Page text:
Irbesartan; Hydrochlorothiazide, HCTZ: (Moderate) Thiazide diuretics may cause the urine to become alkaline. This may reduce the effectiveness of methenamine by inhibiting its conversion to formaldehyde.
    Lisdexamfetamine: (Major) Concurrent use of urinary acidifying agents, such as methenamine salts (e.g., methenamine containing urinary products) and lisdexamfetamine should be avoided if possible. Urinary acidifying agents reduce the tubular reabsorption of amphetamines. As a result, amphetamine clearance is accelerated and the duration of effect is reduced. If combination therapy is necessary, adjust the lisdexamfetamine dose according to clinical response as needed.
    Lisinopril; Hydrochlorothiazide, HCTZ: (Moderate) Thiazide diuretics may cause the urine to become alkaline. This may reduce the effectiveness of methenamine by inhibiting its conversion to formaldehyde.
    Losartan; Hydrochlorothiazide, HCTZ: (Moderate) Thiazide diuretics may cause the urine to become alkaline. This may reduce the effectiveness of methenamine by inhibiting its conversion to formaldehyde.
    Magnesium Hydroxide: (Major) The therapeutic action of methenamine requires an acidic urine. Antacids containing alkalinizing agents such as sodium bicarbonate can alkalinize the urine, thereby decreasing the effectiveness of methenamine by increasing the amount of non-ionized drug available for renal tubular reabsorption. Increased urine alkalinity also can inhibit the conversion of methenamine to formaldehyde, which is the active bacteriostatic form; concurrent use of methenamine and urinary alkalizers is not recommended.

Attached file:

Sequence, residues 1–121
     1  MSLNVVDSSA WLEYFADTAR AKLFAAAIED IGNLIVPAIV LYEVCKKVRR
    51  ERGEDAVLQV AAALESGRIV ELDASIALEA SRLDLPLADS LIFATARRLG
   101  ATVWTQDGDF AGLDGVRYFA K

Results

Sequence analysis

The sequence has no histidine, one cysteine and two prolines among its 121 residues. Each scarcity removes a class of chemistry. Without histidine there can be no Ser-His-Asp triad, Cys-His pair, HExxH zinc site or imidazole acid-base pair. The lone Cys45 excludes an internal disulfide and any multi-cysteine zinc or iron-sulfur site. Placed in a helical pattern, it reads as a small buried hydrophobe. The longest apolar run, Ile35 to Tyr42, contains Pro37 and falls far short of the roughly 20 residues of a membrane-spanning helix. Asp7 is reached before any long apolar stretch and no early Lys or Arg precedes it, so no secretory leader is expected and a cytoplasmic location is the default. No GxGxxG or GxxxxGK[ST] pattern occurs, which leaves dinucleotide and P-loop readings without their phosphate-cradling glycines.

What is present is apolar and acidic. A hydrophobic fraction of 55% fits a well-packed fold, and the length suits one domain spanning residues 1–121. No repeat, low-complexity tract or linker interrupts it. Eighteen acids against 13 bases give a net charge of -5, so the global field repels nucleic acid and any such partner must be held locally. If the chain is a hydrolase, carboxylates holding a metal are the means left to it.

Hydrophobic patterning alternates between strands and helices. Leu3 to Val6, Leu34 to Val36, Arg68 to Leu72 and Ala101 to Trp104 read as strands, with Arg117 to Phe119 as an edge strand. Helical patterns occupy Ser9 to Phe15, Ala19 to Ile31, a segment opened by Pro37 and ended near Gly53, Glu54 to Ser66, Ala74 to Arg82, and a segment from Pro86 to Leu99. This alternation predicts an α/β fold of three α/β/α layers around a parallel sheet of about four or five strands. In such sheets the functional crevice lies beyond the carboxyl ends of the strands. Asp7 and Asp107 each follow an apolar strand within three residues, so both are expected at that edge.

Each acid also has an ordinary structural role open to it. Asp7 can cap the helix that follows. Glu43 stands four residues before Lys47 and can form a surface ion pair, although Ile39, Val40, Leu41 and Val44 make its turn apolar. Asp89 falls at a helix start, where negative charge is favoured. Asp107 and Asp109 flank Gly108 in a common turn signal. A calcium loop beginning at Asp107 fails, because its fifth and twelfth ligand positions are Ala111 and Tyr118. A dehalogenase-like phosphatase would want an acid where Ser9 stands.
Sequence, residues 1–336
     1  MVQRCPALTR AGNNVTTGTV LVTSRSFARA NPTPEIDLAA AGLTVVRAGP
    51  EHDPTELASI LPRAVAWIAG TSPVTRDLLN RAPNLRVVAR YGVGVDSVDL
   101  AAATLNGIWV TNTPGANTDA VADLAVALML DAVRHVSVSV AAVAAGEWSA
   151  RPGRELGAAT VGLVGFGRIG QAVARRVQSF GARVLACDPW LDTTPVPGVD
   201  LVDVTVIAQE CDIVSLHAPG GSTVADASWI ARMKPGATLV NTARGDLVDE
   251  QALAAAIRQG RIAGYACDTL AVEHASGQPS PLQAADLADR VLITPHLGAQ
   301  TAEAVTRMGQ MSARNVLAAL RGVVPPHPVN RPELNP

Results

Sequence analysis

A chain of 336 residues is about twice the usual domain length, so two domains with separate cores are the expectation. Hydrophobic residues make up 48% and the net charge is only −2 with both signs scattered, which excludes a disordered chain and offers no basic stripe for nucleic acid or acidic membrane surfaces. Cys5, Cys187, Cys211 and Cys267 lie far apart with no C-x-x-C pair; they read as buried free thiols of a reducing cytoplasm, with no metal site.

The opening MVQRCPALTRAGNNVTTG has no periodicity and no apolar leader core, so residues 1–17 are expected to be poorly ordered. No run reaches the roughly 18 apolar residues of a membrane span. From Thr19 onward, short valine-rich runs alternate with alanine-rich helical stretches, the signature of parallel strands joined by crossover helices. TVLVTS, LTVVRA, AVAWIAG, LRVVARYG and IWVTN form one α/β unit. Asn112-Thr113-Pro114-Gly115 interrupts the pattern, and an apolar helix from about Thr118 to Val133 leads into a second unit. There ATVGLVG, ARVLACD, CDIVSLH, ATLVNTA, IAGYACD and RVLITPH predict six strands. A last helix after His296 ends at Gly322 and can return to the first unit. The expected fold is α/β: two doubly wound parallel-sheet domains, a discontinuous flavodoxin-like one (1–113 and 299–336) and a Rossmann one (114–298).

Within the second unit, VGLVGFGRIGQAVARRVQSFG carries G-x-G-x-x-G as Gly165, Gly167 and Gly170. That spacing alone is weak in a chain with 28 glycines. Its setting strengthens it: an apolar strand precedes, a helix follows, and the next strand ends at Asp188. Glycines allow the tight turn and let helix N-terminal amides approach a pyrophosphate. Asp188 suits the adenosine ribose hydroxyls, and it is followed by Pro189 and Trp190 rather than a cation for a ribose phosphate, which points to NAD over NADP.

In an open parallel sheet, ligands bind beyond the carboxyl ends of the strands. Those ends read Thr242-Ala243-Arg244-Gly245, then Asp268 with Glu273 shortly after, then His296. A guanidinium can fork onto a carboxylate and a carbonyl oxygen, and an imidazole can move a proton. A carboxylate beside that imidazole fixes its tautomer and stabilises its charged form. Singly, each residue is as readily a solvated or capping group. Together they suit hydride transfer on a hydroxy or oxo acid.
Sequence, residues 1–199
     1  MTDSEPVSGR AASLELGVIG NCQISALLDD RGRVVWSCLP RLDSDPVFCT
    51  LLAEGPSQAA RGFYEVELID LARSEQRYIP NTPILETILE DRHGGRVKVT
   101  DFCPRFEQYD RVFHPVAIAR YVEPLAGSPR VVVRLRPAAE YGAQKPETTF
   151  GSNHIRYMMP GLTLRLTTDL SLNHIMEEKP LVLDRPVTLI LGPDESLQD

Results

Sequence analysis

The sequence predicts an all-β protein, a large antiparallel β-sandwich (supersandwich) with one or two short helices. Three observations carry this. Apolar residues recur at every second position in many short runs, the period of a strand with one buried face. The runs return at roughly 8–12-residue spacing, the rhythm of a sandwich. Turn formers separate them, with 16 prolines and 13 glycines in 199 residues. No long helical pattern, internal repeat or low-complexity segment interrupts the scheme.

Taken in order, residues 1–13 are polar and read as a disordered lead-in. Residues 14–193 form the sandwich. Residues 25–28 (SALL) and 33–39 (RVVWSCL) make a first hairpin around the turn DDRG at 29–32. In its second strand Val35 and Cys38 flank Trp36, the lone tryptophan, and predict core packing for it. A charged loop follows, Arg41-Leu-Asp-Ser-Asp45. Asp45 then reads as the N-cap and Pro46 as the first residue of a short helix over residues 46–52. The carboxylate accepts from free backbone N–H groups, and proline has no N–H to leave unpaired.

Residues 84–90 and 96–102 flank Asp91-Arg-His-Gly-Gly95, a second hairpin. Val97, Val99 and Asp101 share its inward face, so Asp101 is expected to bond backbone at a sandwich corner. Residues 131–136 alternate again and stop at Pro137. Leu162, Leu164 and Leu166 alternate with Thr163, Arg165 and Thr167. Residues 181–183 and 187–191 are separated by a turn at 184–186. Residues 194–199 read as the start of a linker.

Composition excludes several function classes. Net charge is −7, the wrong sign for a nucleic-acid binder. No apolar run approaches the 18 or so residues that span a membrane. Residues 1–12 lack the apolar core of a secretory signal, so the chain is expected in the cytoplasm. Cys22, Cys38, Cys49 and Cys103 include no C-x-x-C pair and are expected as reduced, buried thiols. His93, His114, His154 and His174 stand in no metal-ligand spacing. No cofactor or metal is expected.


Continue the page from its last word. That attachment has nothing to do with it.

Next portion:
Methamphetamine: (Major) Methenamine and methenamine salts (e.g., methenamine; sodium acid phosphate) are urinary acidifiers, and acidic urine will significantly decrease the half-life of methamphetamine. Urinary acidifying agents increase the concentration of the ionized species of the amphetamine molecule, which increases urinary excretion.
    Methazolamide: (Major) The therapeutic action of methenamine requires an acidic urine. Methazolamide can alkalinize the urine, thereby decreasing the effectiveness of methenamine by increasing the amount of non-ionized drug available for renal tubular reabsorption. Increased urine alkalinity also can inhibit the conversion of methenamine to formaldehyde, which is the active bacteriostatic form; concurrent use of methenamine and urinary alkalizers is not recommended.
    Methyclothiazide: (Moderate) Thiazide diuretics may cause the urine to become alkaline. This may reduce the effectiveness of methenamine by inhibiting its conversion to formaldehyde.
    Metolazone: (Moderate) Thiazide diuretics may cause the urine to become alkaline. This may reduce the effectiveness of methenamine by inhibiting its conversion to formaldehyde.
    Metoprolol; Hydrochlorothiazide, HCTZ: (Moderate) Thiazide diuretics may cause the urine to become alkaline. This may reduce the effectiveness of methenamine by inhibiting its conversion to formaldehyde.